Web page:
Lesson Three dares to impugn the near-sainted status of Kiwi sauvignon blanc which should never be considered a substitute for, say, Sancerre with a serious bit of goat’s milk cheese. Individually, the two are natural wonders, but together, frankly, they stink. The cheese is earthy and gamey, as it should be, the wine is gloriously clean and green and the net result is something akin to a farmyard not quite fumigated with extra-strength pine disinfectant. This is a waste of two stars. Head to the Loire or England for the cheese and reserve a benchmark Marlborough sauvignon for similarly high-octane flavours, like lemon grass and lime or the green buzz of basil and dill. My current coup de coeur is Greywacke – look out for the 2012 vintage, which will be available in the New Year.

My last Lesson – based on the law of diminishing returns – is never wish away proper, honest and true Australian chardonnay as we historically knew it for the sake of some European ideal of elegance and restraint. My best food match of the week was between just such an unashamedly rich, viscous and tropical brew and an outrageously creamy pumpkin soup perked up with star anise. The opulence of the fruit absorbed the sweetness of the pumpkin. Spicy new oak met the aniseed head on and shook hands. There was enough lemony acidity to cut through the cream too. Absolute bliss, and a nirvana moment for one who rarely wants soup with her wine, because it’s just too wet. For my next glimpse of heaven, I’ll turn to Leeuwin’s old-school Prelude Chardonnay (£23 per bottle), and gladly pay the price.

Roll on the Six Nations and the World Cup. It’s only a game. Unlike this food and wine lark, which is deadly serious, you know.

And there endeth the last Lesson.

Janet Wynne Evans
Specialist Wine Manager

Categories : Australia, New Zealand


  1. Stephen Booth says:

    That Martinborough Pinot Noir also works very sweetly with a seared fresh tuna steak and a piquant salsa of lemon, parsley, mint, olive oil and garlic,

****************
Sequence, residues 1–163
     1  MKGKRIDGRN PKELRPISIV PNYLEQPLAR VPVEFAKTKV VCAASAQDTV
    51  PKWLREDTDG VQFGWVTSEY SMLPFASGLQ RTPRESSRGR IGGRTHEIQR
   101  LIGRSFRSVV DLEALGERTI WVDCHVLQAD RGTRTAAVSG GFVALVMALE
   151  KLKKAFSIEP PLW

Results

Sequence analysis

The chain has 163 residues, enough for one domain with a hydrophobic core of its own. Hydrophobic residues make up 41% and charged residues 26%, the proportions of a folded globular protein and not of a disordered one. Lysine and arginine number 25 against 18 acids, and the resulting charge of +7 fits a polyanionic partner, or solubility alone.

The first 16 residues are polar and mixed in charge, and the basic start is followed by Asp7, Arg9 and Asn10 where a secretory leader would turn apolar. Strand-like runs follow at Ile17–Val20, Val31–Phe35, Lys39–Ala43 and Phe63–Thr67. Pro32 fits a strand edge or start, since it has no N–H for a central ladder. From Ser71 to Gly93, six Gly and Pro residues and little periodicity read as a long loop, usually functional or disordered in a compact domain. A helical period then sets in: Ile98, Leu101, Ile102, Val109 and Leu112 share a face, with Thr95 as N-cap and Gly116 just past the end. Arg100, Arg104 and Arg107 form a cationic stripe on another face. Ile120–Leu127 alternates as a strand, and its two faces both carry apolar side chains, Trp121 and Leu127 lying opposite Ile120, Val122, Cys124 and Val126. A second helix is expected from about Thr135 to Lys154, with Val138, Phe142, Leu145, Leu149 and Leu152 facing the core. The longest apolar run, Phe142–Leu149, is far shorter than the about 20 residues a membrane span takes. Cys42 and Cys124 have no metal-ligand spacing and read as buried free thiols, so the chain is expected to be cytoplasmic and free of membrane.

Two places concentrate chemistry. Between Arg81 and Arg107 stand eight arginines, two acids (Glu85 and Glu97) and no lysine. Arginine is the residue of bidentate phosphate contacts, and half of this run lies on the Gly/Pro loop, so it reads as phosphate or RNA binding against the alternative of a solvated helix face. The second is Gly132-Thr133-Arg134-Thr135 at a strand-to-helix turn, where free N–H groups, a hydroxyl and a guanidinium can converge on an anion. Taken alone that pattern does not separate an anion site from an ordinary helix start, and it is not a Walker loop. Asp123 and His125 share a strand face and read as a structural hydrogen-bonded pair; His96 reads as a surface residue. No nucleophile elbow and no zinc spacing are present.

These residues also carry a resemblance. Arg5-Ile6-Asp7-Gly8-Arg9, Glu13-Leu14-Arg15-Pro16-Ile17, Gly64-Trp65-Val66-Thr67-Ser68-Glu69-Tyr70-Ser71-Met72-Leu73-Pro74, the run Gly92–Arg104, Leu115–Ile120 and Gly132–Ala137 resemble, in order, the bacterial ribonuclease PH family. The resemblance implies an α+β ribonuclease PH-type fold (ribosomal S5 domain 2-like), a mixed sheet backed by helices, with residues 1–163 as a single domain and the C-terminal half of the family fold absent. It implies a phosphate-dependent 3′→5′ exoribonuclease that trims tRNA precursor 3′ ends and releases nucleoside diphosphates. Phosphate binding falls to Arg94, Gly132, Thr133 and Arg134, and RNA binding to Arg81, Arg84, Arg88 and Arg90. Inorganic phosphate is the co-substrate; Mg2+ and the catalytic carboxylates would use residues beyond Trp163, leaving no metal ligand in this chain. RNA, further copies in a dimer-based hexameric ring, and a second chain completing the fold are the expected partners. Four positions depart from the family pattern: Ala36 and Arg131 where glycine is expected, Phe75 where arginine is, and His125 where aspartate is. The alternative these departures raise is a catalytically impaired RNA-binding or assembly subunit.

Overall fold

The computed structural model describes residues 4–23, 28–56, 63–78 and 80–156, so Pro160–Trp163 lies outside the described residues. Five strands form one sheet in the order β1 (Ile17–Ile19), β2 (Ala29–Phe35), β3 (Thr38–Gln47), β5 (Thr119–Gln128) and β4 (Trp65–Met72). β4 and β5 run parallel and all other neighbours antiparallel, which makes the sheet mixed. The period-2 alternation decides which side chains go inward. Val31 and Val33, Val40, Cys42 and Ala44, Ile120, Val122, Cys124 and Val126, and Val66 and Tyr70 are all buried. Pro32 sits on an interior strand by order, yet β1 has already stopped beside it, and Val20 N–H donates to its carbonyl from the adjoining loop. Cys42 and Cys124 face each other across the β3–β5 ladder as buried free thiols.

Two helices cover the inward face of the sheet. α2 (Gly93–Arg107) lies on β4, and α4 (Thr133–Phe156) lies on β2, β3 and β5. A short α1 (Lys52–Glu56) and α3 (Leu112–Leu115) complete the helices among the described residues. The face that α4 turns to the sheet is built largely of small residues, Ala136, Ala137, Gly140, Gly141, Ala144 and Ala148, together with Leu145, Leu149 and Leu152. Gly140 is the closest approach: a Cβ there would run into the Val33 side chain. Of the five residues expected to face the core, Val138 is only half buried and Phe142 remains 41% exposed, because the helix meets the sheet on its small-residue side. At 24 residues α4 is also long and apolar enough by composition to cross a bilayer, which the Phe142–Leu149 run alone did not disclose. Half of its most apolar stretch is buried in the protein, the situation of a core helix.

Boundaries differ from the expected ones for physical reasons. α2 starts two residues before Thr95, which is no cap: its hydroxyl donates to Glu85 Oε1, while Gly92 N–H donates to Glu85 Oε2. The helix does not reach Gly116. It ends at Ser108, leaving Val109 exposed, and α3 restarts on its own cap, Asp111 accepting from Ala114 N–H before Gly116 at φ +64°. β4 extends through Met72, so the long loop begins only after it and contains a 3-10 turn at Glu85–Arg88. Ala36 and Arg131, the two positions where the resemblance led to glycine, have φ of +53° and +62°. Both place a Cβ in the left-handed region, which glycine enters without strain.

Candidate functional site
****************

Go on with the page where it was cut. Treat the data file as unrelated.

2. John Daniel says:

    What a thoughtful article. I was once served suckling pig with a smooth Pinot Noir; what a disaster! It desperately needed a red with a bit of acidity to balance the fattiness of the meat.

    To my taste, Christmas Turkey and Alsace Riesling make an excellent combination too.

  3. Martin Mace says:

    I returned from holiday in NZ before Christmas having done some serious tasting with three outstanding bottles. The first a 5 year old Sauvignon Blanc from Highfield Est. near Blenheim. This was rich and rounded with still the background gooseberry flavour – truly remarkable. Do try Janet please!
    The second was an Otagan Pinot Noir called Devil’s Staircase with a label inviting you to descend to the devil and return with all the tastes and flavours with which the wine was endowed! It was a very good Pinot Noir, rich and subtle and the title…..?
    The third was a Chardonnay that tasted so much better in NZ than here. A mistake.
    Thank you for your interesting article.

  4. John williams says:

    Cyfarchion Janet. Eisiau caws gafrn da?-Cymru am dani! Carmarthenshire White ( gafr wen) a Carmarthenshire Blue. ( gafr las) Gweler Sian Elin,merch Hywel ac Enid sydd biau’,r busnes. Blwyddyn Newydd Dda, Cofion. John a Mavis.